Haiti sit second in Group F of CONCACAF qualifying for the 2014 FIFA World Cup Brazil™, and they face Antigua and Barbuda on 11 November in a match that will be crucial to their hopes of reaching the third round.
As midfielder Jean-Marc Alexandre told FIFA.com, Haiti's players believe their dream of reaching Brazil 2014 is still very much alive. “Deep down, we really believe it’s possible,” said the Real Salt Lake man, who scored twice in Haiti’s 6-0 victory over US Virgin Islands in September. “So to be knocked out at this stage would be a huge disappointment.”
Edson Tavares’ men made a blistering start to their second-round group, racking up 17 goals and conceding just twice in their first three matches. However, a below-par display at home to Curacao last month saw them drop two precious points, and means they cannot afford to lose away to group leaders Antigua and Barbuda in St. John’s on 11 November.
“We’ll do what it takes, I’m confident of that,” said Alexandre, who is currently involved in the MLS play-offs with Real Salt Lake. “There’s no room for error in this match; if we lose, it’s over. The pressure is huge but we have the technical and mental strength to succeed. The crowd’s support will make all the difference.”
Haiti have not appeared at a FIFA World Cup since 1974, and the Caribbean nation is still recovering from the terrible earthquake of 2010 that claimed the lives of several members of its football family. However, the 2009 CONCACAF Gold Cup quarter-finalists have strengthened in recent times, with coach Tavares introducing a number of new faces. Among them are Lens striker Jean-Eudes Maurice, who has already made a key contribution since his recent call-up, and Standard Liege defender Reginal Goreux.
“Reaching the Gold Cup quarter-final gives you an idea of what we’re capable of, but the difference in relation to the past, even the recent past, is that many players now have high-level experience in their leagues,” Alexandre explained. “They’re more ambitious about their own careers, but also with the national team. They’re here to be the best in the Caribbean and do their duty, and not simply to earn a bonus.”
Haiti occupy second spot behind surprise group leaders Antigua and Barbuda, with a total of ten points from their four matches to date. The Caribbean islanders know that a positive result in their next match is vital if they are to continue the forward momentum created by Tavares since he replaced Wagneau Eloi in 2010.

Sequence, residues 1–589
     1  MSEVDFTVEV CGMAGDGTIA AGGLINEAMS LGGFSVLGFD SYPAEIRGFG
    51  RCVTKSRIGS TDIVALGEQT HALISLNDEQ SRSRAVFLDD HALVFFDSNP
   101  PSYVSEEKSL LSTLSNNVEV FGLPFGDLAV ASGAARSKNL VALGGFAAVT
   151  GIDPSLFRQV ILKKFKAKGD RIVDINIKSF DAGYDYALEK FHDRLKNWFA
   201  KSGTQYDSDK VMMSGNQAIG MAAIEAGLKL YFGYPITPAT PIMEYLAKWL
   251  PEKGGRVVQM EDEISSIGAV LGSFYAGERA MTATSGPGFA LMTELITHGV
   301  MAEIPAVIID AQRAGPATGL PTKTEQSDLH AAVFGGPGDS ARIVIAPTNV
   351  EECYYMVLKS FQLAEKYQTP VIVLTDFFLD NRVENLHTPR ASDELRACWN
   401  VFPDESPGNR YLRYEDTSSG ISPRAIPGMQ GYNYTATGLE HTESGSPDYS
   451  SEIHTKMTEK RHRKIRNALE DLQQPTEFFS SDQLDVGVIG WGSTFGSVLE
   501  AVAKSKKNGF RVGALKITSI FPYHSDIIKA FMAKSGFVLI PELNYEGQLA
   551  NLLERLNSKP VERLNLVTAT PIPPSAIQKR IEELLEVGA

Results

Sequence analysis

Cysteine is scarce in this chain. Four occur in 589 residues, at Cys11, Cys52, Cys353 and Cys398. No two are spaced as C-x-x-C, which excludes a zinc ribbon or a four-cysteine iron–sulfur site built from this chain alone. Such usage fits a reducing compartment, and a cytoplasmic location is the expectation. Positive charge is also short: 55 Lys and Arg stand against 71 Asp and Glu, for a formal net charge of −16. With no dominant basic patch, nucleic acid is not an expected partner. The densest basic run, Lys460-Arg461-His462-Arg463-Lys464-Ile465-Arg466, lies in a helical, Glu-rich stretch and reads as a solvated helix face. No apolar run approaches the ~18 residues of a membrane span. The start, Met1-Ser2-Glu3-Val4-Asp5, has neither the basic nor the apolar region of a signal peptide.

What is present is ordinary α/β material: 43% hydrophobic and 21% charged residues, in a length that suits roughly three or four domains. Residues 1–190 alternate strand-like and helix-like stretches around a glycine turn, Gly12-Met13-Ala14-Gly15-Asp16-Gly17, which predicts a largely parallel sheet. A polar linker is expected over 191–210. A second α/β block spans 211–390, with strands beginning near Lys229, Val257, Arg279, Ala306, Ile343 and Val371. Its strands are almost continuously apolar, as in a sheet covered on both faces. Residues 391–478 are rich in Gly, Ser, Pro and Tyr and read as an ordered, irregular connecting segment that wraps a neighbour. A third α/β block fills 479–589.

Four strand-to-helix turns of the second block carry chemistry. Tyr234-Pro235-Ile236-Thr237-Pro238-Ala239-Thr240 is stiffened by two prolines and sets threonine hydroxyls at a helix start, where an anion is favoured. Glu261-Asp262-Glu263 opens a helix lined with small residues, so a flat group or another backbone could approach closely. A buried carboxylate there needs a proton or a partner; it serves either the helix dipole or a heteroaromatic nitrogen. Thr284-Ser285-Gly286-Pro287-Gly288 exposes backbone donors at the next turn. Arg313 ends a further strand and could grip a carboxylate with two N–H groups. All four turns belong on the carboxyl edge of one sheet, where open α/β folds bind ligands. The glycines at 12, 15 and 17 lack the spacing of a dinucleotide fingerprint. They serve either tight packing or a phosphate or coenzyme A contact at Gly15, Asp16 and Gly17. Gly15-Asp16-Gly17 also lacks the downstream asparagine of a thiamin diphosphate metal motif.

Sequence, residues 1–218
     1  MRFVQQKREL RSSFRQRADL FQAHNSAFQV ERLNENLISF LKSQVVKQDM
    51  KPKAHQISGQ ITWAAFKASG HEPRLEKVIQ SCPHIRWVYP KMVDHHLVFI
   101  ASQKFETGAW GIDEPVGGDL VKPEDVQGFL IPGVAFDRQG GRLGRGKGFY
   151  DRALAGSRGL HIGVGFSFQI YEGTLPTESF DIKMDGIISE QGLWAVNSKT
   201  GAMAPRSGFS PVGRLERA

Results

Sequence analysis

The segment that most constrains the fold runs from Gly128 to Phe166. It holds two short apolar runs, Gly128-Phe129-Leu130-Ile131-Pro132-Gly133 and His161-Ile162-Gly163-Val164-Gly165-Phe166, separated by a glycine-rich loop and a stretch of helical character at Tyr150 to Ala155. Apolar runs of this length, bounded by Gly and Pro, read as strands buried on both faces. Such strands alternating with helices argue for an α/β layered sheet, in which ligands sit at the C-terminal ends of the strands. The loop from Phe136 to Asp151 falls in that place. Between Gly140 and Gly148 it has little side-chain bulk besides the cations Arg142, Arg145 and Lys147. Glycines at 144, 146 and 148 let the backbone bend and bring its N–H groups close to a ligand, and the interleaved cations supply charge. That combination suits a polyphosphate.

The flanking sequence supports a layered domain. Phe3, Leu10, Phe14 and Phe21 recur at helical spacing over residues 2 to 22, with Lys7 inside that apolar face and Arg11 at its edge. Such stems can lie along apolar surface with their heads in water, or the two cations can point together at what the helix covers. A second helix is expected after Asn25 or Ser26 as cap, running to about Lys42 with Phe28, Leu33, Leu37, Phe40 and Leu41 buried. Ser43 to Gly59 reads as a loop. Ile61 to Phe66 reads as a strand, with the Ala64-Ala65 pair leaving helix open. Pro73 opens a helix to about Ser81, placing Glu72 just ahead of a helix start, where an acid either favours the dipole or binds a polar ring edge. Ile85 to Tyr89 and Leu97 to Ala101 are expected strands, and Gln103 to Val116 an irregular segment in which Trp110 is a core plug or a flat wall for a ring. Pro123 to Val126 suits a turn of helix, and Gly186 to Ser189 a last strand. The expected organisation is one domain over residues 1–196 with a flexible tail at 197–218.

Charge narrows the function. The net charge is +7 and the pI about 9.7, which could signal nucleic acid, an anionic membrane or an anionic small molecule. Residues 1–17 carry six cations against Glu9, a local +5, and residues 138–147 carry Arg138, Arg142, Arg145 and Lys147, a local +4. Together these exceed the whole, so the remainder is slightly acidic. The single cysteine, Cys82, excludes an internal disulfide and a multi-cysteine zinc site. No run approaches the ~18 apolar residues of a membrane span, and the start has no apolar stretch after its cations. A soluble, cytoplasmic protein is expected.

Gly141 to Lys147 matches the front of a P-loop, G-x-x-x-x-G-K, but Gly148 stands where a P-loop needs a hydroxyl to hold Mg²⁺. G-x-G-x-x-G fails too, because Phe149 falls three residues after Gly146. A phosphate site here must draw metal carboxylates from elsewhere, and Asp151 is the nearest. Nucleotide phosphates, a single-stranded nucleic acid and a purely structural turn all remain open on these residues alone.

“We’ve made progress over the last year, there’s no doubt about it,” said Alexandre, a full international since 2008. “The coach has brought about an attacking philosophy that is sticking in our minds. His message is coming across very well and his system suits our strengths. If everyone plays to the best of their ability for the national team, then it’s thanks to him.”
For the fans
As Alexandre explained, Tavares is also benefiting from a change of mentality in the dressing room, with a group of players who are altogether more ambitious and in-tune with one another. “For the first time in a long while, we’re all on the same wavelength,” said the midfielder, an MLS champion in 2009. “We all have the same objective. The team is more important than individuals, which is a massive difference compared with the past.”
The Haitians failed to qualify for the most recent edition of the Gold Cup (CONCACAF's Cup of Nations), but Alexandre feels his side are well equipped for future success. “Most of the players in the team are 25 or 26 years old, so we know we’ll be together for a few years,” he said. “That’s what gives us this thirst for victory, along with the pride of making our people happy.”
Haiti is already buzzing ahead of Les Grenadiers’ home tie with Antigua and Barbuda on 15 November, and Alexandre and Co will be keen to give the fans reason to celebrate. Victory in St John’s four days before would certainly be a good way to get them in the party spirit.